The debtor later filed a Chapter 11 petition and S was appointed by the U.S. Trustee to serve as chairman of the Committee. At the time, S was B’s “former counsel.” Id. Nevertheless, B “suspected that [S] used confidential information to [B’s] detriment in the bankruptcy [case],” and sued S in the district court. Id. at *4. After further procedural litigation setbacks, B eventually “asked the bankruptcy court for permission to bring his claims [against S] in district court,” explaining that “a number of his claims against [S] were based on pre-bankruptcy conduct … so they didn’t relate to [S’s] actions on the [Committee].” The bankruptcy court refused to separate B’s pre-bankruptcy claims from S’s actions as a member of the Committee, however, denying B permission to sue in the district court and dismissing B’s “claims on the merits.” The district court affirmed the bankruptcy court on appeal. Id. at *5-*6.

Ninth Circuit Analysis

The court rejected B’s attempt to distinguish Barton and its progeny. First, as a member of the Committee, S was authorized to “maximize recovery for the creditors by increasing the size of the [debtor’s] estate … . Because creditors have interests that are closely aligned with those of the bankruptcy trustee, there’s good reason to treat the two the same for purposes of the Barton doctrine.” Id. at *8. In addition, reasoned the court, creditors, as Committee members, are required by the Bankruptcy Code (“Code”) to “investigate the acts, conduct, assets, liabilities, and financial condition of the debtor, the operation of the debtor’s business and the desirability of the continuance of such business.” Id., quoting Code §1103(c)(2). They not only “participate in the formulation of a [reorganization] plan,” but also may “examine the debtor.” Id., citing Code §§1103(c)(3) and 343. Litigation outside the bankruptcy court, reasoned the Ninth Circuit, “could seriously interfere with already complicated bankruptcy proceedings.” Id. The mere “fear that such a lawsuit could be filed” and that Committee members would be forced to litigate “in a court unfamiliar with bankruptcy proceedings” might cause these individuals “to be timid in discharging their duties.” Id. Therefore, found the Ninth Circuit, “Barton applies to [Committee] members like [S] who are sued for acts performed in their official capacities,” meaning that all such litigation “must be brought in the bankruptcy court” in the first instance. Id. at *9. But if a plaintiff wishes to sue in another court, it must obtain “the express permission of the bankruptcy court.” Id.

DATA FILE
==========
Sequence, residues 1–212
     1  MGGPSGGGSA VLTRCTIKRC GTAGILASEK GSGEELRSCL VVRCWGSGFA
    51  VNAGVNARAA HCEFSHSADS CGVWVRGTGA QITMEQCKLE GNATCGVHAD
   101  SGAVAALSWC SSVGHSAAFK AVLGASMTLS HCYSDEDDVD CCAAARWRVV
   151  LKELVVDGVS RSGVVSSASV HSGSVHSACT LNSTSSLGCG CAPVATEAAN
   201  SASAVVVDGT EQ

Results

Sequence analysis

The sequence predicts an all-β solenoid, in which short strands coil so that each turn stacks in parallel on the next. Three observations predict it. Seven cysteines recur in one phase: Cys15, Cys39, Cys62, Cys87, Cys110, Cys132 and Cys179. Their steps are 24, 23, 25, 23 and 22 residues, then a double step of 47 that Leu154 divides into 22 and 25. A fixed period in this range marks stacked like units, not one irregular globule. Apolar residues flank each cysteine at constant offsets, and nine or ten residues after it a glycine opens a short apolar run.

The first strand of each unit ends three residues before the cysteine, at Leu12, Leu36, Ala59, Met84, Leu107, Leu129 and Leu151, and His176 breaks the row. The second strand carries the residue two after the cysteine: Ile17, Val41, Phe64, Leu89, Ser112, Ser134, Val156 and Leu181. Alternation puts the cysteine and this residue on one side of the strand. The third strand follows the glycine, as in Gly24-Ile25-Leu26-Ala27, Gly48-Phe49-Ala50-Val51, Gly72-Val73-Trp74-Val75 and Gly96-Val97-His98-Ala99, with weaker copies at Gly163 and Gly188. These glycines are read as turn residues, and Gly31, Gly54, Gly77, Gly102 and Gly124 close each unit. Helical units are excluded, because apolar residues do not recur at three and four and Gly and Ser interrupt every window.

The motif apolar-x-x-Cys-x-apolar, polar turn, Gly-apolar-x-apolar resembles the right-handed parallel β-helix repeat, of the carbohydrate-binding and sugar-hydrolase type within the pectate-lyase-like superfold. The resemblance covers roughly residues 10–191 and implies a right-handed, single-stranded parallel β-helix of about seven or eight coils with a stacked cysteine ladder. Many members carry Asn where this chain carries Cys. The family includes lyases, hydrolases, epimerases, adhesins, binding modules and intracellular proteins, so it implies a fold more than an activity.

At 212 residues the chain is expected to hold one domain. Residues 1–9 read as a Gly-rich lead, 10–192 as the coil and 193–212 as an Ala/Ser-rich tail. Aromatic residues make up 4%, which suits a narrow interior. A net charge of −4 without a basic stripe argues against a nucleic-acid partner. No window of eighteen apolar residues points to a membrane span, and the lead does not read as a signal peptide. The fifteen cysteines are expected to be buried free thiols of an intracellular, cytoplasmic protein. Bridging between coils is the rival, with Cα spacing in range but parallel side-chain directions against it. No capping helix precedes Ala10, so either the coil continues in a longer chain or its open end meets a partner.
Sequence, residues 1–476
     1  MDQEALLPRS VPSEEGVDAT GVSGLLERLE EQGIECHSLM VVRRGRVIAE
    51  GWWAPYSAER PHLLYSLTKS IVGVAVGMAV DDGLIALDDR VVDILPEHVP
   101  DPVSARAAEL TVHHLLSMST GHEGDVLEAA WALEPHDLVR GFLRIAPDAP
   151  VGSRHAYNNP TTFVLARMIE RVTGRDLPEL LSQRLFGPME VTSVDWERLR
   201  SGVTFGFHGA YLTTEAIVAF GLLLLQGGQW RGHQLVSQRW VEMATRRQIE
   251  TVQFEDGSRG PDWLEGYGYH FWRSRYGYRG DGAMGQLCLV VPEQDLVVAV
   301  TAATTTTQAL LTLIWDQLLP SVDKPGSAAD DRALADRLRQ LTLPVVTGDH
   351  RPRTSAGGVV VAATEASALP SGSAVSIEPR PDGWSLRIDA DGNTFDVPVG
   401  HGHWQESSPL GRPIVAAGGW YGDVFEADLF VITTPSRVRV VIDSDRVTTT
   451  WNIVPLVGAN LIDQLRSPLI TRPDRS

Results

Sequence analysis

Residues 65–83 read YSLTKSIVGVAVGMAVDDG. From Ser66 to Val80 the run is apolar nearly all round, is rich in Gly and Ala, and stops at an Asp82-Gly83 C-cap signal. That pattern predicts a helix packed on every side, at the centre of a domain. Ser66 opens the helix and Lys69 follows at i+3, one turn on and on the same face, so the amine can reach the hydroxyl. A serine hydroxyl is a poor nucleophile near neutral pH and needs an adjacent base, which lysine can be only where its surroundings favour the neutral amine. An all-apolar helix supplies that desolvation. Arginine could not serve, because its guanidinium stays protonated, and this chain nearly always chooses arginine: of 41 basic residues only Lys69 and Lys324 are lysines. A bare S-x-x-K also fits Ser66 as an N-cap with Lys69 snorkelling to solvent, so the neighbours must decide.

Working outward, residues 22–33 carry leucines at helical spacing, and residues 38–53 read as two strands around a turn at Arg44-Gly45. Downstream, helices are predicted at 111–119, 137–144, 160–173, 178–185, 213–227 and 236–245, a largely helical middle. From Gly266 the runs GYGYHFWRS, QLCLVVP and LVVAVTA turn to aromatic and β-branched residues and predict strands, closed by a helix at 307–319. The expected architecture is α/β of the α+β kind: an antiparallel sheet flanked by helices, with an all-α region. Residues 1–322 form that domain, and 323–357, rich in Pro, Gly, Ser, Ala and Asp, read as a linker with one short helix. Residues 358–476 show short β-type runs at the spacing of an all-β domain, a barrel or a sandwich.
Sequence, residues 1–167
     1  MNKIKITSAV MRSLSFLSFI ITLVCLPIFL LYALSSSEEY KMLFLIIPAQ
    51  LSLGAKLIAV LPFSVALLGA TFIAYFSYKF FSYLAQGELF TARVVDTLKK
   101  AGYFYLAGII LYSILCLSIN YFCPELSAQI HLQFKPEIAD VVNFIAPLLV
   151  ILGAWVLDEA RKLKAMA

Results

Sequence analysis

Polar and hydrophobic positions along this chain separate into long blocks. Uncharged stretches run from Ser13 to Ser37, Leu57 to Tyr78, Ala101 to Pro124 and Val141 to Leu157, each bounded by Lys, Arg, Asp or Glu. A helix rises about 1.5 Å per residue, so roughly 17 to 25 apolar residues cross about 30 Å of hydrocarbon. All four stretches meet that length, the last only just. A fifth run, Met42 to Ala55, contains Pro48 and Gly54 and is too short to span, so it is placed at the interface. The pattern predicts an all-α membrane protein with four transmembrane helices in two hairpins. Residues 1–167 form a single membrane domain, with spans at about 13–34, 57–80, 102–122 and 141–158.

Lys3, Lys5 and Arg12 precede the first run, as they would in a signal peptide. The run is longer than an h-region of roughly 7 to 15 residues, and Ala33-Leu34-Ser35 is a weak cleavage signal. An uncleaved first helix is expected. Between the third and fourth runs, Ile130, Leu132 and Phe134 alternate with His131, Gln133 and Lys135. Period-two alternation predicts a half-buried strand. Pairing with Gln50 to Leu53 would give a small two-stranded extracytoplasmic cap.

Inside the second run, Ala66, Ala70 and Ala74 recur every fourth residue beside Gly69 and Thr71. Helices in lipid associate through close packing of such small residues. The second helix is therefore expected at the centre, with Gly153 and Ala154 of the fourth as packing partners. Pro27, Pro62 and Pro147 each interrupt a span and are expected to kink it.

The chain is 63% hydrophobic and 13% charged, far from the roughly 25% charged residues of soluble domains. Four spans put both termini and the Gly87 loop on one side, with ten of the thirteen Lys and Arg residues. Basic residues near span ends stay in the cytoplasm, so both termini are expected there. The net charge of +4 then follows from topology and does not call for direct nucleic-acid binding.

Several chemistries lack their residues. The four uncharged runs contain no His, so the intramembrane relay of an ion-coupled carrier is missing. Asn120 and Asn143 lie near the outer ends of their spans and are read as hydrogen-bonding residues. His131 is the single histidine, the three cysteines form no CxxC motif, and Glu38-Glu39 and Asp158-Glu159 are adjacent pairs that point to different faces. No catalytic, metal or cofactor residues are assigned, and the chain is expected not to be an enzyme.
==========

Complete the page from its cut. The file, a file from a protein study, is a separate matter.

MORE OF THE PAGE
Pre-Bankruptcy Claims

The Ninth Circuit also reversed the bankruptcy court’s broad dismissal of B’s claims based on S’s pre-bankruptcy representation. According to B, S “gave dubious legal advice [prior to bankruptcy] about how [B] could use funds from [a lender’s] loan,” resulting in B’s becoming “the target of a shareholder lawsuit.” Id. B also challenged S’s inadequate representation “during the shareholder litigation and [B’s] divorce by overlooking key defenses and [by] drafting” agreements that were later held unenforceable. Id.

The Ninth Circuit stressed that B’s “pre-petition claims have nothing to do with [S’s] position on the [Committee].” Id. at *10. Because B had “clearly separated his pre-petition claims from the post-petition claims [implicating S’s] activities on the [Committee],” B “didn’t need permission from the bankruptcy court before bringing his pre-petition claims in district court,” contrary to what the lower courts held. Id. at *10.